San Marcos Mercury | Local News from San Marcos and Hays County, Texas

Sunset from the Purgatory Creek Natural Area. PHOTO by DERRICK LEE

UPDATED 12 a.m. Oct. 9:
SMGA’s Harvest Moon FUNdraiser has been postponed due to chance of rain, lightning, mud, and potential cloud cover obscuring stars and moon Saturday evening. The event will be rescheduled, probably for November.

STAFF REPORT

The San Marcos Greenbelt Alliance will hold its Harvest Moon FUNdraiser on Oct. 8 in San Marcos’ largest greenspace, where attendees can enjoy food, live music, a raffle, and participate in an astronomy-themed tour.

The even will start at sundown, or about 7 p.m., under the Learning Tree in the Purgatory Creek Natural Area.

Texas State astronomy professor Russell L. Doescher will lead an astronomy hike beginning at 7:30 p.m. Concurrently, there will be sodas, chips, baked goods and sausage wraps for sale at the Learning Tree. The Crystal Creek Boys will perform at 8:30 p.m., illuminated by the almost-full moon.

There will be a telescope for attendees’ use, a raffle, an art project for kids, and the opportunity to acquire a new San Marcos Greenbelt Alliance t-shirt.

The purpose of the event is to raise funds for SMGA, whose mission is the creation and preservation of an interconnected system of parks and natural areas in the city. SMGA is an all-volunteer, non-profit organization that works to preserve greenspace and make it accessible to residents. SMGA seeks volunteers for projects, including trail building and maintenance, trail signage and kiosk display installation, invasive plant removal, and conservation advocacy, among others.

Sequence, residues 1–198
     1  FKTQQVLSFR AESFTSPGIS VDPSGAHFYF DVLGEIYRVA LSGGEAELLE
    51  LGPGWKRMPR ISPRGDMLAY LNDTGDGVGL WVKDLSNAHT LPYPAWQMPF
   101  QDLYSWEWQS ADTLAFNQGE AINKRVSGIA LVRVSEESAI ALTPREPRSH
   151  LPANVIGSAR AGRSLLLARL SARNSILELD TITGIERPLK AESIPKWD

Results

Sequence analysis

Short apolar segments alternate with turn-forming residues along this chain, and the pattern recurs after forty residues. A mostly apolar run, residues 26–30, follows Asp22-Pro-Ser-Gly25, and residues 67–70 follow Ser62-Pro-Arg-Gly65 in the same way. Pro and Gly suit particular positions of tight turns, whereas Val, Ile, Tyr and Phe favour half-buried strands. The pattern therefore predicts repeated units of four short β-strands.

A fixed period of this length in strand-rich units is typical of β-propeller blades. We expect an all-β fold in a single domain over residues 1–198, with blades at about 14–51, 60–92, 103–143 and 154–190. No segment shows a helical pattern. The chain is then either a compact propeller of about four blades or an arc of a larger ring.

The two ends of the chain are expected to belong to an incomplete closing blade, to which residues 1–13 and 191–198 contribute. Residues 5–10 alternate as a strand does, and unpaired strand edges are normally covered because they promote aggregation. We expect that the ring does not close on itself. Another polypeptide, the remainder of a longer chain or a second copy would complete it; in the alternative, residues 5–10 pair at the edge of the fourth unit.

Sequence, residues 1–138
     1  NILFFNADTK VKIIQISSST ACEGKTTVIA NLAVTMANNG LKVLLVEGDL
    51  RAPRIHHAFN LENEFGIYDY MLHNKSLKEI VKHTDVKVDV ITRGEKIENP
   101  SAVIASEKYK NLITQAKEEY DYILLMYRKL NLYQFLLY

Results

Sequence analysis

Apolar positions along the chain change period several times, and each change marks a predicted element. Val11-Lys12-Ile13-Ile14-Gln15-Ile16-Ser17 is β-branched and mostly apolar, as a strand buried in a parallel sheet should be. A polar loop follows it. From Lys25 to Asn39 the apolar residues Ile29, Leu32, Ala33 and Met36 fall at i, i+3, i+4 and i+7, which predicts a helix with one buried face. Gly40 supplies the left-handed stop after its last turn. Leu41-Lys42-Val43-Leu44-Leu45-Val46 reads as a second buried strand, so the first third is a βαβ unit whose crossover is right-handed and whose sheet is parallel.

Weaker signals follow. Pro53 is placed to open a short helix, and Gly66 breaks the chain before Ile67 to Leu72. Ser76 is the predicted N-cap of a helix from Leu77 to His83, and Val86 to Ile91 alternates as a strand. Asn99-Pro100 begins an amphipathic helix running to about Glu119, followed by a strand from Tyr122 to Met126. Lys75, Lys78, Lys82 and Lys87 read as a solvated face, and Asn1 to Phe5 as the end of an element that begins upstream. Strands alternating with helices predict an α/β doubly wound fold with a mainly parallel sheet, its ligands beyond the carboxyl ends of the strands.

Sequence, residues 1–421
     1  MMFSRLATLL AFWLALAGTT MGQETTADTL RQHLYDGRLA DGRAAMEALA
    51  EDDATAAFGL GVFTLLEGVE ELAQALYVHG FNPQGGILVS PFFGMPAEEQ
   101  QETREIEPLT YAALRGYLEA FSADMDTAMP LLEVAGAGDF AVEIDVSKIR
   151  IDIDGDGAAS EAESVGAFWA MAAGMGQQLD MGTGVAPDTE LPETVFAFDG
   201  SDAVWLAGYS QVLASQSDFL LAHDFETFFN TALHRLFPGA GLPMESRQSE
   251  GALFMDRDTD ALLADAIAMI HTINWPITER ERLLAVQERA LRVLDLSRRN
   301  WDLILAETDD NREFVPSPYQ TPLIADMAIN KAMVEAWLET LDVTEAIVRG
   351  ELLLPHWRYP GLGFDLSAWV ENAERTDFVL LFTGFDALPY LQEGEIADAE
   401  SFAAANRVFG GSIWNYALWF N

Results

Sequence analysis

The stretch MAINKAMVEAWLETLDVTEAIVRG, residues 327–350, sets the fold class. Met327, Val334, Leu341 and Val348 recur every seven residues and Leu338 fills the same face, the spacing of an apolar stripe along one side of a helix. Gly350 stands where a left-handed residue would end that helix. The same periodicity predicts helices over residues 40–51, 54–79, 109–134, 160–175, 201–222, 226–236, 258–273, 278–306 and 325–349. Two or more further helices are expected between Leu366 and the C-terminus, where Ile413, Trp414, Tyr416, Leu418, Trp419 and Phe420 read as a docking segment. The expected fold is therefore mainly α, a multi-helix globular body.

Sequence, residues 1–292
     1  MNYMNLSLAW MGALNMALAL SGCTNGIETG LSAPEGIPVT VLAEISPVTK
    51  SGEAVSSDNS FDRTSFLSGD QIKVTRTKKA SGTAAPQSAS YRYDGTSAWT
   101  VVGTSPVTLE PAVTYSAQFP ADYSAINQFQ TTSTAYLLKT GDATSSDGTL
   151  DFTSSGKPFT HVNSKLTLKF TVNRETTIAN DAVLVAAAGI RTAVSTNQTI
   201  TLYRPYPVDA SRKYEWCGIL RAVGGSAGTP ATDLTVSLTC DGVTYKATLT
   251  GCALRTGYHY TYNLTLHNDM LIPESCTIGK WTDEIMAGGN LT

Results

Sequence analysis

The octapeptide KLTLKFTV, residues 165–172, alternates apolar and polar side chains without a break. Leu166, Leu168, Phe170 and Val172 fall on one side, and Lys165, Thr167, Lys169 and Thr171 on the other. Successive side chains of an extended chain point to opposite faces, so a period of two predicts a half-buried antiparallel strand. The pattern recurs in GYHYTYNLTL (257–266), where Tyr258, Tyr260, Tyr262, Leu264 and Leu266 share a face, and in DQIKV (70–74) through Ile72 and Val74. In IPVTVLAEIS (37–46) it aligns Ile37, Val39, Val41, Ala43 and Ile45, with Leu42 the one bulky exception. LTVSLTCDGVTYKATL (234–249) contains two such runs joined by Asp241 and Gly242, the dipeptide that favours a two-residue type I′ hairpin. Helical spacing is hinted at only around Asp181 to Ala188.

SMGA asks that attendees of the Harvest Moon FUNdraiser bring cash or checks, a beverage of choice (no glass), a flashlight and/or other no-flame light source, a folding chair, and waste bags and leashes with pets.

The entrance to the event is in the last western block of Prospect Street, which dead-ends shortly after intersecting Columbia Street. Parking is available along neighborhood streets including Prospect, Columbia, and Progress Streets. Parking is limited, and attendees may consider carpooling, walking, or cycling (a bike rack is available). Follow the lighted trail that winds through the cedar break and emerges into the field, where the Learning Tree and large compass are visible.

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